Last month, we reported that China successfully conducted a test with a hypersonic missile system.
Now a US Space Force general is warning about the state of U.S. hypersonic technology compared to Russia and China.
American hypersonic missile capabilities are “not as advanced” as those of China or Russia, Space Force General David Thompson said Saturday at the Halifax International Security Forum in Canada, signaling that the U.S. is behind in developing the newest and most cutting-edge weaponry.
Thompson admitted during an interview that the U.S. lagging behind the other two countries is potentially dangerous for national security.
“We have catching up to do very quickly, the Chinese have an incredible hypersonic program,” he said. “It’s a very concerning development … it greatly complicates the strategic warning problem.”
Thompson also expanded upon the capabilities of hypersonic missiles and explained why Americans should be concerned.
He compared a hypersonic glide vehicle to a “magical snow ball.” Normally, “if I’m throwing a snowball at you, the instant that snowball leaves my hand you have a sense of whether or not it’s going to hit you.”
That is how strategic warning systems have operated for decades. “A hypersonic missile changes that game entirely,” he said. The hypersonic missile does not travel in a predictable trajectory. “Combine that with a fractional orbital bombardment system, I’m going to throw the snowball, it’s going to go around the world and it’s going to come in and hit you in the back of the head.”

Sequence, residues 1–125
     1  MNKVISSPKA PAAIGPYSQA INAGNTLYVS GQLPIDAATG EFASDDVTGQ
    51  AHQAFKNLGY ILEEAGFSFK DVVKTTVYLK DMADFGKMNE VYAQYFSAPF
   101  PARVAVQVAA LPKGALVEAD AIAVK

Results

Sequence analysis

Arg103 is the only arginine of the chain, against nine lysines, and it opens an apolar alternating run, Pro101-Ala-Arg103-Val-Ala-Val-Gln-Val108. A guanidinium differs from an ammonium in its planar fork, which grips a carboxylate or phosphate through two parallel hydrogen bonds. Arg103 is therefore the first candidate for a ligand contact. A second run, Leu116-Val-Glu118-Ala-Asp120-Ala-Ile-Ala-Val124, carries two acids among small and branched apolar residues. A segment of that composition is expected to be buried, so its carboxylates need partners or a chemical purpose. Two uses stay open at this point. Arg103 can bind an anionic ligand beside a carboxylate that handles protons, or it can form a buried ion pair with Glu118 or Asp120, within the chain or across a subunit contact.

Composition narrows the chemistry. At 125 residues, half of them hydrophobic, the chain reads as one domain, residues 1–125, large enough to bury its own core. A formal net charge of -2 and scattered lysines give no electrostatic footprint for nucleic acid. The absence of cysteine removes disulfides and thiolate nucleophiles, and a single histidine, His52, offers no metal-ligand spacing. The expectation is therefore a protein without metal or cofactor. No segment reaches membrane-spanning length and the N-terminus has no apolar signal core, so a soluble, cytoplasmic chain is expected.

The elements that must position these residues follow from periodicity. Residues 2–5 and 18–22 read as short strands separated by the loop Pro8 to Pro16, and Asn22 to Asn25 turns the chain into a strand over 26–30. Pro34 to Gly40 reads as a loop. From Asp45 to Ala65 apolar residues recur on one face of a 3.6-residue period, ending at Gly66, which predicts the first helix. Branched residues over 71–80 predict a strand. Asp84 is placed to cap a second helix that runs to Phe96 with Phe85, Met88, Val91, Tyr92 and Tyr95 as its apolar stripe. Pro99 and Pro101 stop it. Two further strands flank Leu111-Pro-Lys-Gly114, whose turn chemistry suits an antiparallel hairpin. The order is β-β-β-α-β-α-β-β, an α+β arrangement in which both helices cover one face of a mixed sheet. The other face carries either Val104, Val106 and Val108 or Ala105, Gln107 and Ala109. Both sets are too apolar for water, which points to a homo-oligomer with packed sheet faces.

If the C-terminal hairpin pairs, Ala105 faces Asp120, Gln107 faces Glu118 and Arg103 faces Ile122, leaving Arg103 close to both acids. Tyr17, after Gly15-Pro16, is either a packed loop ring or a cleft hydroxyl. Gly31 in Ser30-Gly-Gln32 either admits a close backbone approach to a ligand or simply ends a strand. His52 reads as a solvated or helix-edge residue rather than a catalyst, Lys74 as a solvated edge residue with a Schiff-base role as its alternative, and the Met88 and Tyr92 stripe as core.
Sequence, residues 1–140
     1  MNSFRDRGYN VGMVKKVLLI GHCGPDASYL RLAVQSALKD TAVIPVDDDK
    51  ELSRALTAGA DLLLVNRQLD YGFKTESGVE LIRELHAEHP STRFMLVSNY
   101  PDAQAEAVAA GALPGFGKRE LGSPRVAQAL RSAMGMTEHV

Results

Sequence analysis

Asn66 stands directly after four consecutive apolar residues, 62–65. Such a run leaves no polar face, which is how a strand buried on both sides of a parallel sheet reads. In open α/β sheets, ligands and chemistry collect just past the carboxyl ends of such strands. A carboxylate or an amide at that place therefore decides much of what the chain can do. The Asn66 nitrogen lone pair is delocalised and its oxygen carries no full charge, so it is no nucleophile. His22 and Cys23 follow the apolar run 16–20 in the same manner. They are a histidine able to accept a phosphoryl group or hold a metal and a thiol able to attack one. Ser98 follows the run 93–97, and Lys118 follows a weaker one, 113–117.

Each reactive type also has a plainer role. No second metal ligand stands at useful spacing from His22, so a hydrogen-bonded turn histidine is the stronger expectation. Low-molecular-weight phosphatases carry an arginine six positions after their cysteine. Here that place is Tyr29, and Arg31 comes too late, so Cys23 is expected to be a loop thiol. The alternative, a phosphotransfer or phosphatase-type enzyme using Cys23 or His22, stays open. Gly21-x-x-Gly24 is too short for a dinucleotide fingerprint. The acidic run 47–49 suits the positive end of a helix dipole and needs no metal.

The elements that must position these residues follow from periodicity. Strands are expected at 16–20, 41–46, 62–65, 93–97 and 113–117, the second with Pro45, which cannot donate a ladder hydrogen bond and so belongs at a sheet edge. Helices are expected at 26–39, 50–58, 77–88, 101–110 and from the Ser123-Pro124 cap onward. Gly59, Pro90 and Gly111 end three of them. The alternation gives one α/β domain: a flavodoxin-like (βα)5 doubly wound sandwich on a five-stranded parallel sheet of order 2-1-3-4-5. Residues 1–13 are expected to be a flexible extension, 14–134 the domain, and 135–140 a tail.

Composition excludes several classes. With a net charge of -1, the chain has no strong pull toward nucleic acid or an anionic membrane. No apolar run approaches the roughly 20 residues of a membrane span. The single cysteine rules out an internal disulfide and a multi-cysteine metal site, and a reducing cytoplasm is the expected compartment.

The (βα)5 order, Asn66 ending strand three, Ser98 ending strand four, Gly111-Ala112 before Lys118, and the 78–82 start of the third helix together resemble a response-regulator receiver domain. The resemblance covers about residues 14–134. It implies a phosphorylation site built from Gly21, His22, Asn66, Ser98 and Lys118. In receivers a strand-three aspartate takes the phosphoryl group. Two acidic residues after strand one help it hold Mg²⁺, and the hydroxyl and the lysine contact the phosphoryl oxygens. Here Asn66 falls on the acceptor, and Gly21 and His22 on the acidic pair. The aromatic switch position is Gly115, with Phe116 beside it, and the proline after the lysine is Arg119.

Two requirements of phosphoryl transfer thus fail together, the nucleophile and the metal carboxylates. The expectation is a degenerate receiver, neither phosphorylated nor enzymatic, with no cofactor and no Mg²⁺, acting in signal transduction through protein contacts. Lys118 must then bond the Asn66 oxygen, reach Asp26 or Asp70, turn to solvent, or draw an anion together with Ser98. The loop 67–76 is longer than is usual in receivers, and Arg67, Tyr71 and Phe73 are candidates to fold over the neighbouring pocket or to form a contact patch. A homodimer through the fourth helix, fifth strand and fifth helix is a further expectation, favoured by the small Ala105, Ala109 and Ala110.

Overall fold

“And so that’s the kind of thing we’re dealing with, that you no longer have that predictability. And so every launch, regardless of where it’s headed, now has the potential that it could be a threat,” said Thompson.
“And even if you can track that maneuvering weapon, you don’t know until very late in the flight where it’s going because it’s maneuvering the entire time … and you’re not sure whether it’s an attack,” he added. “You don’t know the target until the last minute. And so that changes the strategic warning game.”
Fortunately, there is some good news from Space Force. The first successful Astra launch carried a payload for the Space Test Program called STP-27AD2 through a contract arranged by the branch through its Defense Innovation Unit.
Astra Space’s Rocket 3.3 successfully reached orbit on a Nov. 20 launch, the fourth orbital launch attempt by the small launch vehicle startup.
The Rocket 3.3 vehicle, with the serial number LV0007, lifted off at 1:16 a.m. Eastern from Pacific Spaceport Complex Alaska on Kodiak Island. Astra scrubbed a launch attempt the previous day after more than two hours of delays.
The flight went as planned, with the first stage firing for about three minutes. The upper stage then separated and fired its single engine for approximately five and a half minutes, injecting the stage into an orbit nearly 500 kilometers high.
Check the following video to hear from Thompson about the build-up of the US Space Force.
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